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Andreas Kießling

3Department of Radiology, University Hospital Marburg, Baldingerstrasse, Marburg 35033, Germany

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Bilal El-Zayat

1Department of Orthopaedics, University Hospital Marburg, Baldingerstrasse, Marburg 35033, Germany

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Markus Dietmar Schofer

1Department of Orthopaedics, University Hospital Marburg, Baldingerstrasse, Marburg 35033, Germany

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Author informationArticle notesCopyright and License informationDisclaimer

1Department of Orthopaedics, University Hospital Marburg, Baldingerstrasse, Marburg 35033, Germany

2Department of Neuropathology, University Hospital Marburg, Baldingerstrasse, Marburg 35033, Germany

3Department of Radiology, University Hospital Marburg, Baldingerstrasse, Marburg 35033, Germany

corresponding authorCorresponding author.

Suleiman Ghandourah: [email protected]; Markus J Hofer: [email protected]; Andreas Kießling: [email protected]; Bilal El-Zayat: [email protected]; Markus Dietmar Schofer: [email protected]

Received 2011 Dec 13; Accepted 2012 May 22.

Copyright ©2012 Ghandourah et al.; licensee BioMed Central Ltd.

This is an Open Access article distributed under the terms of the Creative Commons Attribution License (, which permits unrestricted use, distribution, and reproduction in any medium, provided the original work is properly cited.

This article has been cited by other articles in PMC.



Synthol is a site enhancement oil used by bodybuilders to boost the cosmetic appearance of muscles. Here, we describe the case of a patient with severe side effects following repeated intramuscular injections of synthol in his right biceps muscle.

Case presentation

A 29-year-old Middle Eastern male bodybuilder, following intramuscular injections of synthol five years ago, presented with painful pressure in his right upper arm. On presentation to our clinic, his muscle appeared disfigured. Magnetic resonance imaging revealed scattered cystic fatty lesions in the muscle. The affected part was surgically removed and histopathology showed inflammatory changes with fibrosis and a so-called Swiss cheese pattern.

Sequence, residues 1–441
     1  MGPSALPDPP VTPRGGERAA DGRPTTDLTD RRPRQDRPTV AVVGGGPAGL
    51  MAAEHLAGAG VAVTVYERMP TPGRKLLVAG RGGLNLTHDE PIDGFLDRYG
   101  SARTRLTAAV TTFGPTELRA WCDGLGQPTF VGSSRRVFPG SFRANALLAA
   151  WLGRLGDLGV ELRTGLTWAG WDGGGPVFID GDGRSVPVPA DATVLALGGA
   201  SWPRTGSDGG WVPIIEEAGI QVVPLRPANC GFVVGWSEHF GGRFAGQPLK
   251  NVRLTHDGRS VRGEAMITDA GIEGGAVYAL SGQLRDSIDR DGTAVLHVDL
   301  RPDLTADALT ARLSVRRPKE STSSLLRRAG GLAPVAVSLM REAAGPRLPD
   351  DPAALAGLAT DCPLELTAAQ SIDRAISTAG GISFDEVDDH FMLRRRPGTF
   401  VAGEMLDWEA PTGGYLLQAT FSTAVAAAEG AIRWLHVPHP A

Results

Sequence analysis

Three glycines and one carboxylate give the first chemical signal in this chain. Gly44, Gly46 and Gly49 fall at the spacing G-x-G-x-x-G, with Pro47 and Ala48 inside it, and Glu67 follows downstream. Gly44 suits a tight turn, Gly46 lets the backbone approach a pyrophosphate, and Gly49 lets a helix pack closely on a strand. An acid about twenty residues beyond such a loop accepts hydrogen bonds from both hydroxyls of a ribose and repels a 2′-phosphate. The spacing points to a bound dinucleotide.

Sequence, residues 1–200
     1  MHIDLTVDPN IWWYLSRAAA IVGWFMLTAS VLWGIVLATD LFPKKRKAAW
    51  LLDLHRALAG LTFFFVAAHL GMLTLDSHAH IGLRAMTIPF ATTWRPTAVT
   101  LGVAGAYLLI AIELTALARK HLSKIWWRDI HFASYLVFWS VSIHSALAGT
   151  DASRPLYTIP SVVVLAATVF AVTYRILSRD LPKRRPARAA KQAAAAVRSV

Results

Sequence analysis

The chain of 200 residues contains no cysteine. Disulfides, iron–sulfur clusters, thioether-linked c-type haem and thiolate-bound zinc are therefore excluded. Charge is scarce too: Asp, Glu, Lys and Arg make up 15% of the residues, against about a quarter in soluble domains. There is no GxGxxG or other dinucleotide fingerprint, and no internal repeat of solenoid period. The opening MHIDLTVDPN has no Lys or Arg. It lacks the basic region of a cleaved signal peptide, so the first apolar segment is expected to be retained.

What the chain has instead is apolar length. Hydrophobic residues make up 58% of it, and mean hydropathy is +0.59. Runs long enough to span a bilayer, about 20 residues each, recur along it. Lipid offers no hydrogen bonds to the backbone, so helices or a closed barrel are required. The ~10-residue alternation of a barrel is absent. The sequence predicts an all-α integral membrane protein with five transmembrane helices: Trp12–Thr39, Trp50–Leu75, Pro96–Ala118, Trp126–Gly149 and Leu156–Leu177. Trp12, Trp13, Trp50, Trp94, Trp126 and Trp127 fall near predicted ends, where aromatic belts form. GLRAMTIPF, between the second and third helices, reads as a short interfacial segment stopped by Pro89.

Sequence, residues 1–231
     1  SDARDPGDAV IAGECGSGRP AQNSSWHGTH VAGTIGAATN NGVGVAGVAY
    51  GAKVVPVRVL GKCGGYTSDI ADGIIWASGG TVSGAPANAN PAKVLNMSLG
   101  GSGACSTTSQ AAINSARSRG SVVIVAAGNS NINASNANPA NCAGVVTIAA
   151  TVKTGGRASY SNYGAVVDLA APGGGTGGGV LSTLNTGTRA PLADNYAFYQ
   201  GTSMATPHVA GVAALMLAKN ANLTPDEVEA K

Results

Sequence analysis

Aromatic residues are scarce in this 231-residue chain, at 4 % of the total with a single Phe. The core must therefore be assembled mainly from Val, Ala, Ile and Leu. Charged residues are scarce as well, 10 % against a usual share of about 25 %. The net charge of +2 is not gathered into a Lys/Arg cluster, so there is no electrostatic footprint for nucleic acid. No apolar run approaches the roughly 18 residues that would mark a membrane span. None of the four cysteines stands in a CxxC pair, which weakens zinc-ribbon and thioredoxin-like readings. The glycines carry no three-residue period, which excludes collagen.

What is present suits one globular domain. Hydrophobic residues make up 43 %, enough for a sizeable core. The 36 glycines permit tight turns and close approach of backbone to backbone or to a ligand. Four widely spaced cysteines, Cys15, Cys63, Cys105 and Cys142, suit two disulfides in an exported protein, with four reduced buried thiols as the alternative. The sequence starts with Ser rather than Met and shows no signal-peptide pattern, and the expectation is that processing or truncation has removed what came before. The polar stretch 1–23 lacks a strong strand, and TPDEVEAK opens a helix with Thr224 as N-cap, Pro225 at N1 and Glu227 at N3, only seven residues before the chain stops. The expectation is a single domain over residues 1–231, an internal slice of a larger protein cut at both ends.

Synthol injections that are used for the short-term enhancement of muscle appearance by bodybuilders bear the danger of long-term painful muscle fibrosis and disfigurement.


Site enhancement oils were first introduced in 1899 for the purposes of breast augmentation and the filling of wrinkles [1,2]. Synthol, one of the substances used for this purpose, is composed of 85% oil (medium-chain triglycerides), 7.5% lidocaine and 7.5% alcohol. Following injection with synthol, the injected muscle undergoes immediate enlargement. However, this method can also result in muscle deformity [3].

Case presentation

A 29-year-old Middle Eastern male bodybuilder with a history of prior repeated synthol injections presented at our clinic with ongoing pain and deformity in both upper arms. At the age of 25, our patient had 3mL synthol repeatedly injected by an unlicensed friend into both biceps brachii muscles. Injections were administered four times per week for a total period of four weeks. The total number of injections was 16 injections per biceps muscle. Our patient experienced pain and pressure in the injected muscle directly after each injection. The pain was rated initially as four using a visual analogue scale retrospectively. Despite this, a training session was carried out by our patient after each injection. His perception of pain gradually increased to six out of ten, and after two years our patient ceased training due to the severe pain (rated seven out of ten). Initially, our patient had been able to withstand the pain but, after two years of drug administration, the pain was increasing and not tolerable due to its constant and persistent nature.